Madey Edlin

bread pudding

In Bread, dessert on April 25, 2010 at 6:43 pm

Photobucket


I left my heart in London, that’s about how my trip went, I loved it so much it hurts. I was thinking I would do a blog post on Irish cuisine after returning from Ireland, and England. But unless I get hundreds of emails begging me to get into Shepherd’s pie, soda bread, or Irish stew, we are going to focus more on the British food. After all I ended up spending more time there since the explosion of the volcano in Iceland grounded us in England for a extra week. Not that I was complaining.

The day after I got back, I had to see how my croissants compared with those that you could get on every street corner in Europe. I started in on the 24+ hours of messing around with butter and flour mess AKA croissant, and in the end was very pleased with the result. It’s like Christmas, all the anticipation, then you pull out beautiful, flaky, golden bread that is to die for. But not everyone is worthy of them, so I end up eating most of them. Occasionally sharing the gold with a few of my favorite family members. But as a result there are usually a few extra hanging around the house a few days after their prime. So I decided to do something about that:


Confession #186: I have never had, made or tried bread pudding. Yes, it’s true. I was talking to a friend about that and she said that needed to be remedied asap. So I did I used a few older, plain croissant to make some bread pudding, and was very happy with the results. The custard surrounding the buttery croissant, for the perfect indulging treat.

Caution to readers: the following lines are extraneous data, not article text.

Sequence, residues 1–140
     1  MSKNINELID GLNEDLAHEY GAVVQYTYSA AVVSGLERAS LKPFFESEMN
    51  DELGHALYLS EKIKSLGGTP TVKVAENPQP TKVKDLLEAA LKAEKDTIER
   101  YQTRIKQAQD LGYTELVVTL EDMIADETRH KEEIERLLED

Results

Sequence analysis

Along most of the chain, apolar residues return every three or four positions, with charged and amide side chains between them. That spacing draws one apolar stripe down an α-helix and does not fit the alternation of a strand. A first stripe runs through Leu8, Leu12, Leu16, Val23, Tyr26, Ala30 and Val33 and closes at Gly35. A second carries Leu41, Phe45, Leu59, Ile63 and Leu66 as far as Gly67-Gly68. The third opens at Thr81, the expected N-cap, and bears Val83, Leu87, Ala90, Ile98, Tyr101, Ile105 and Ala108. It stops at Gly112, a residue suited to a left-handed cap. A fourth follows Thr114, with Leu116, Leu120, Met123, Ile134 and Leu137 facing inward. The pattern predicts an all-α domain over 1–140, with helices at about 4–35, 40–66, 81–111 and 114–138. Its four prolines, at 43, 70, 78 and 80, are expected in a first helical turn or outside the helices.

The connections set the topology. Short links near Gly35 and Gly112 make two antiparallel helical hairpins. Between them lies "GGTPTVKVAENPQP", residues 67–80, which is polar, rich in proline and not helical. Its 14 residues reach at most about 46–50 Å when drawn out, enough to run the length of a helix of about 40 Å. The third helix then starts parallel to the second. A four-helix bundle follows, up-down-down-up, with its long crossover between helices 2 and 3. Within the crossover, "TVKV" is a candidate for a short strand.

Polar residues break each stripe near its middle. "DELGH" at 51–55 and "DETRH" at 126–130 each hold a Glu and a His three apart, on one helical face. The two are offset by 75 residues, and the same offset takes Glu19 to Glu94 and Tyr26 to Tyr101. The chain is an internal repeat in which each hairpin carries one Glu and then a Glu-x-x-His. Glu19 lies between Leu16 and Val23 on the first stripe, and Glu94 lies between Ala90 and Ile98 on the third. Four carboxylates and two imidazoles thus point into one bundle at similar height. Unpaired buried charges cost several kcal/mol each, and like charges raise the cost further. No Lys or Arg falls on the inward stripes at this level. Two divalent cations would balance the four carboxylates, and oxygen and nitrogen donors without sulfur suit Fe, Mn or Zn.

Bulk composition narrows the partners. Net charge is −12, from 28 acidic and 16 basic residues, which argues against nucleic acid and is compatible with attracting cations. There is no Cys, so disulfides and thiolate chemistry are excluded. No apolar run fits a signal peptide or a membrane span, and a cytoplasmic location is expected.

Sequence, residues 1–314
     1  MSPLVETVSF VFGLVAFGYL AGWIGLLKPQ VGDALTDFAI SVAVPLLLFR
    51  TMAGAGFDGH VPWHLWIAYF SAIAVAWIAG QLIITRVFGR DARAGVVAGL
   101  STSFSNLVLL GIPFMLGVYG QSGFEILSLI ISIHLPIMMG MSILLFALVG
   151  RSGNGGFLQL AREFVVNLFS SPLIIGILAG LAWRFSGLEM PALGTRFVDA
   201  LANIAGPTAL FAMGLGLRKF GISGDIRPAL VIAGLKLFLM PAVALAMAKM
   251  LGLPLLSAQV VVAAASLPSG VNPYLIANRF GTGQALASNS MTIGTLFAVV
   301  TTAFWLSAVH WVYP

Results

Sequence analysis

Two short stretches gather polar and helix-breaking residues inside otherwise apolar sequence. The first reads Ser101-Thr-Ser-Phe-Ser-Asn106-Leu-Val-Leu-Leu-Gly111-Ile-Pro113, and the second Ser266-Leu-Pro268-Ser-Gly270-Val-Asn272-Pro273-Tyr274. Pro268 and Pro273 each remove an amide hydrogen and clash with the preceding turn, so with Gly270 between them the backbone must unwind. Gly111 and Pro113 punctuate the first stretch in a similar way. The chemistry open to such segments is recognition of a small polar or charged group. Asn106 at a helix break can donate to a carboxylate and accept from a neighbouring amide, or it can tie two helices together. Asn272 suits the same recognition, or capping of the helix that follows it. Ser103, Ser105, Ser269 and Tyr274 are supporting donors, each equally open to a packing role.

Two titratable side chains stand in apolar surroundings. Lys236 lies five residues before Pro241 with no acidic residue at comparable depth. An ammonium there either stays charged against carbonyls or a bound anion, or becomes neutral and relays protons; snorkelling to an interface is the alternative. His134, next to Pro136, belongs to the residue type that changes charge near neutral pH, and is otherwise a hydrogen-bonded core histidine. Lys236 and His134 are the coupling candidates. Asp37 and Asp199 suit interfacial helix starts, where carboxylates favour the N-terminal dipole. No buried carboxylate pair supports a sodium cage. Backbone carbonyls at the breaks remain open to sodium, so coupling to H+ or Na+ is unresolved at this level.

I used a recipe from [yet another] favorite cookbook of mine; Tartine. A bakery located in San Francisco, and owner’s wrote a cookbook about their baked goods. I used their recipe for croissants (as I always do), and their recipe for Brioche Bread Pudding. 


[Makes 1 5×9 inch loaf]


Notes: I used croissant slices, the original recipe uses brioche. Really, any good-quality bread of the buttery family would work well here. 

Fill the dish with the bread, but do not let it go over the edge. You might need more or less slices of bread.

I served mine with peach slices, and stewed rhubarb



6, 1 inch croissant slices 

8 eggs

3/4 + 2 tablespoons sugar

4 cups whole milk

1 1/2 teaspoons vanilla 

1/2 teaspoon salt


Preheat oven to 350F. Butter a 9×5 inch loaf pan.

Arrange the croissant slices on a baking a sheet, place in the oven until lightly toasted, 4 to 10 minutes. Remove from oven allow to cool.

To make the custard, crack the eggs into a mixing bowl and whisk until blended. Add the sugar and whisk until smooth. Add the milk, vanilla, and salt and whisk until fully incorporated. Pour the custard into a fine mesh sieve held over a measuring cup with a spout.

Place the toasted croissant in the prepared loaf dish, cutting to fit as needed. Pour the custard evenly over the bread, filling the dish to the top, if you can’t fit it all in, wait 10 minutes and pour the remaining custard into the dish. 

Cover the dish with aluminum foil, place in the oven, and bake the pudding for about 1 hour. To test for doneness, uncover the dish, slip a knife into the centre, and push the bread aside. If the custard is still very liquid, re-cover the dish and return to the over to bake for about a further 10 minutes. If only a little liquid remains then the pudding is ready to come out of the oven. It will continue to cook after it comes out of the oven. 

Let cool for about 10 minutes before serving. 


(Original recipe by Tartine Bakery)

(Original photography by madey edlin

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  1. OH YUM!!! Great recipe, I can't wait to test this out. :)Welcome back, btw. 🙂

  2. Miss Maddie…you did it again! My mouth is watering and that is sooooo not like any bread pudding my mom used to make. (btw…glad you are finally back home.)

  3. yum!! can't wait to try this, thanks for the recipe, and reminding me of it. Did you post the croissant recipe??

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